Halloween has always been an uneasy holiday for me.
I blame neighbor Donald Morin, or really his father, Gil, who one Halloween took cotton balls and molasses and transformed Donald (two years my elder) into a wolf man who inspired awe in everyone we passed as we trick-or-treated.
And there I was, unaided by either of my parents, wearing a navy windbreaker buttoned around my neck as an ersatz cape. In my mouth were white plastic vampire teeth through which I only could slur my spitty words. To this day I could howl at the moon remembering that night, wishing I’d had a molasses wolf man mask to hide behind.
Still, I love Halloween: the imagery, the crisp fall weather, the candy. Which brings me to candy corn, a blog topic at this time last year.
A typical Halloween season for me includes a steady march through a bag of Brach’s candy corn (it has to be Brach’s) followed by nausea and self-loathing. I’ve avoided that altogether this year, nary a kernel having entered our home, much less my body.
That’s pretty impressive when you consider that candy corn has been in stores since early August.
Two songs titled ‘Halloween’
No holiday is complete without music, and Halloween is no exception. Two of my favorites are titled “Halloween,” although neither one is explicitly about All Hallows’ Eve.
My rock hero Steve Wynn sings it, but The Dream Syndicate’s “Halloween” was written by lead guitarist Karl Precoda. I love the lyrics, especially the “Don’t say I didn’t warn you” part. Yet I always wondered what the song was about. So I went to the source.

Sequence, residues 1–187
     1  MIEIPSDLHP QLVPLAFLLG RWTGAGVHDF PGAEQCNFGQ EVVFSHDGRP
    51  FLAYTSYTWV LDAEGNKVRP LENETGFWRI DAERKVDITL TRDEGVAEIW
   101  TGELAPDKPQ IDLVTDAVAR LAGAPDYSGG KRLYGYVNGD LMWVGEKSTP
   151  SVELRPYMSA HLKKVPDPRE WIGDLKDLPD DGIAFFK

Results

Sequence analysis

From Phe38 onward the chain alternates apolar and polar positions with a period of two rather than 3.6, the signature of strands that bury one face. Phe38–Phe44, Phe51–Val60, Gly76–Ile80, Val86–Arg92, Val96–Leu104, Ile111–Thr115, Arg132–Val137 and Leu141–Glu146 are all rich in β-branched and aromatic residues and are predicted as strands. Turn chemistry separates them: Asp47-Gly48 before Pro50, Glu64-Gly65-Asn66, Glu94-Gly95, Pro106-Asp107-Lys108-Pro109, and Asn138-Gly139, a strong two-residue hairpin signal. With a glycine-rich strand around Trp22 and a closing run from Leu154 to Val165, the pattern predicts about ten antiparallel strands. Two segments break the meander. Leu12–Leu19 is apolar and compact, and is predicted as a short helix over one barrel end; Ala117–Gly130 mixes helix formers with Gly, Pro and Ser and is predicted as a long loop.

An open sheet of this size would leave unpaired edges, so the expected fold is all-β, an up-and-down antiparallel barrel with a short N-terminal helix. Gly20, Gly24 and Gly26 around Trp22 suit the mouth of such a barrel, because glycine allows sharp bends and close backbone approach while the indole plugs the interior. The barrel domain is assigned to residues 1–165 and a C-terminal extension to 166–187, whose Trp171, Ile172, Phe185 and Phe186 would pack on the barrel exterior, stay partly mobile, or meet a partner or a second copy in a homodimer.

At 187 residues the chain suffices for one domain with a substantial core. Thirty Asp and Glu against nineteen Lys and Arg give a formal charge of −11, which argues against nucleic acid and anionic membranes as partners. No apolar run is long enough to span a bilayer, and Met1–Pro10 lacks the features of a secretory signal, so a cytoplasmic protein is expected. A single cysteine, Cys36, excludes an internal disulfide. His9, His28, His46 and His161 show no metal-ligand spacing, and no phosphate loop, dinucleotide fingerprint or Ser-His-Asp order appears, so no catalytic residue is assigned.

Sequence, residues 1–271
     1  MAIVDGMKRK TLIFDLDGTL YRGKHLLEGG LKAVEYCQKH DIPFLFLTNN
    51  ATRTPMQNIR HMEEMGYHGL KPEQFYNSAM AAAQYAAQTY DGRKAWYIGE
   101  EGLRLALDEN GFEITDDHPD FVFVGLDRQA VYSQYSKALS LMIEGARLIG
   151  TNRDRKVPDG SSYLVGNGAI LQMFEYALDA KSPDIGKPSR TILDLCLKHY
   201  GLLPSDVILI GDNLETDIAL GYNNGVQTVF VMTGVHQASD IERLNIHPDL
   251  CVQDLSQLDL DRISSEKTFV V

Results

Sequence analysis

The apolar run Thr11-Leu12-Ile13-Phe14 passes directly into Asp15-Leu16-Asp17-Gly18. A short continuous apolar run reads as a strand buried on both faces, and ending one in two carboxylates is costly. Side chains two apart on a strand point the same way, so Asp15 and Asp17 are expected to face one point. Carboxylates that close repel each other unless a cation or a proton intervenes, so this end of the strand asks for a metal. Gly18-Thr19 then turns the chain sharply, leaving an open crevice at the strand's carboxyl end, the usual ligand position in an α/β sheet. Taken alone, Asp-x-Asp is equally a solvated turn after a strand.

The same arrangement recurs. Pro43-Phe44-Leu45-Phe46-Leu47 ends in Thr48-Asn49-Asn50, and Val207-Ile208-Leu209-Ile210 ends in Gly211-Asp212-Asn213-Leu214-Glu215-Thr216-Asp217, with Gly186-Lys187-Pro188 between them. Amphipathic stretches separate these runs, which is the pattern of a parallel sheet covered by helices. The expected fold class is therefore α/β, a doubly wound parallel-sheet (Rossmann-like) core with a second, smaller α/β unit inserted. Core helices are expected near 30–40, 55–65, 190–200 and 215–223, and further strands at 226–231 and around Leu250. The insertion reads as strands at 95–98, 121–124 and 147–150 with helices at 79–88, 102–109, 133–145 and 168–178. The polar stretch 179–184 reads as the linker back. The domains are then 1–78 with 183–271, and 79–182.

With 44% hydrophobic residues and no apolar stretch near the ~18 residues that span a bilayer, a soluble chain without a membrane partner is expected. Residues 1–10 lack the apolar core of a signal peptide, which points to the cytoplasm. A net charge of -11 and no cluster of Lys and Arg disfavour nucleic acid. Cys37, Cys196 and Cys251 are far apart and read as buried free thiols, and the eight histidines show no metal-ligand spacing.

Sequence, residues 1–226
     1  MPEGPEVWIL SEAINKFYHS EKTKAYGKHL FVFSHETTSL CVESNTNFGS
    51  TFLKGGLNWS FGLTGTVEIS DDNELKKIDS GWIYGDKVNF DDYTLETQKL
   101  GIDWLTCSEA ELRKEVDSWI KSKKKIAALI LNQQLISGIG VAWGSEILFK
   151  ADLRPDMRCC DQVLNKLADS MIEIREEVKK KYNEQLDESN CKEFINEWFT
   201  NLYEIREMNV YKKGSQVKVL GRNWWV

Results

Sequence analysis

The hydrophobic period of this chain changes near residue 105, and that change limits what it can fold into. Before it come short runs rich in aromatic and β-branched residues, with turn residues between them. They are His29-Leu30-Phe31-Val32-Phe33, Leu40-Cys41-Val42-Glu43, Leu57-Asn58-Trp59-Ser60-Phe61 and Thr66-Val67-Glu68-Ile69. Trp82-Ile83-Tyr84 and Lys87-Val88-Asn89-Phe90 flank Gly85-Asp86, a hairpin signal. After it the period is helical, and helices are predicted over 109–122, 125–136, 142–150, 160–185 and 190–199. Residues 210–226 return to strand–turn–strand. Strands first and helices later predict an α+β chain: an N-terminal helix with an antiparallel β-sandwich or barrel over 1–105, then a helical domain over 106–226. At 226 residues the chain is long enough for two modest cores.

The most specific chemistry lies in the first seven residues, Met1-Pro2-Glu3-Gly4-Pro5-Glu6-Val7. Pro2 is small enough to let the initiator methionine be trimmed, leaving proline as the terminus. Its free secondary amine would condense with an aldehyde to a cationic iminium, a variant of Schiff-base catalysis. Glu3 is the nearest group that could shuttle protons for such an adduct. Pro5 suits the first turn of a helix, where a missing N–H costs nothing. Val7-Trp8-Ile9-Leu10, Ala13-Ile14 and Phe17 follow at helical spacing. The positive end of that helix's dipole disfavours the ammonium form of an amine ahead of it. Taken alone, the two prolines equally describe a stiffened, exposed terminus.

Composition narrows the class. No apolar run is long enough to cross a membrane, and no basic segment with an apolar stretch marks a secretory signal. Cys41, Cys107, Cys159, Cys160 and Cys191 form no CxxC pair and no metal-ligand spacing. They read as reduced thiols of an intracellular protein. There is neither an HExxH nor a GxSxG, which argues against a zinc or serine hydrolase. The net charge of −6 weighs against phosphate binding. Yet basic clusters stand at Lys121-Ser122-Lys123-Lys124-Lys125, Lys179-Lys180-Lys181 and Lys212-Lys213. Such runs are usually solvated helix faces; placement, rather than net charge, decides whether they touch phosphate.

I reached out via email to Precoda, now a professor at Virginia Tech University, who said he composed the song in early 1982 “on a grand piano (with the sustain pedal engaged).”
Precoda, who teaches cinema studies, gave me a horror-film education with his elaboration:
“[The] lyrics are a condensed film script, an alternate take on what was then the state of the art in mainstream U.S. horror. Interesting to see how dominant a trope ‘horror’ has become since that time. Prophetic?
“In 1982 Herschel Gordon Lewis’ ‘Blood Feast’ was only 19 years old (!) and the genre — decidedly minor — was framed by [George] Romero, [Tobe] Hooper, and [Wes] Craven (to a lesser extent [Dario] Argento); from 1982 to 2015 is almost twice as long a period (!!) and it’s curious to consider how many genre cycles we’ve been through in those decades, and how this sensibility has proliferated throughout the culture.”
Grant Lee Buffalo’s “Halloween” is haunting in its own way, although the holiday is merely a coincidental backdrop, as it tells of the passing of actor-singer River Phoenix “on Halloween” in 1993.
Phoenix, whose films included “Stand by Me” and “My Own Private Idaho,” died from drug-induced heart failure outside Johnny Depp’s West Hollywood nightclub, The Viper Room.
Songwriter Grant-Lee Phillips noted that Phoenix was “only 23” at his death, which left much unfulfilled promise in the same way that James Dean’s fatal car crash at age 24 did in 1955. Dean’s “East of Eden” came out after his death.
You were like my own James Byron Dean
Private Idaho was my East of Eden
Hit me like a stone when I heard you’d passed
Prior to Halloween 2014, I discovered that the same You Tuber who taught us all how to fold a shirt in fewer than two seconds also had another video about flaming pumpkins. We wowed trick-or-treaters (and some parents) with the flaming pumpkins in our driveway.
In case you can’t stop by our house this year, here’s a video of a flaming pumpkin I created, the Goulet Communications sound-wave logo carved in it.
Watch it, if you dare, and have a Happy Halloween!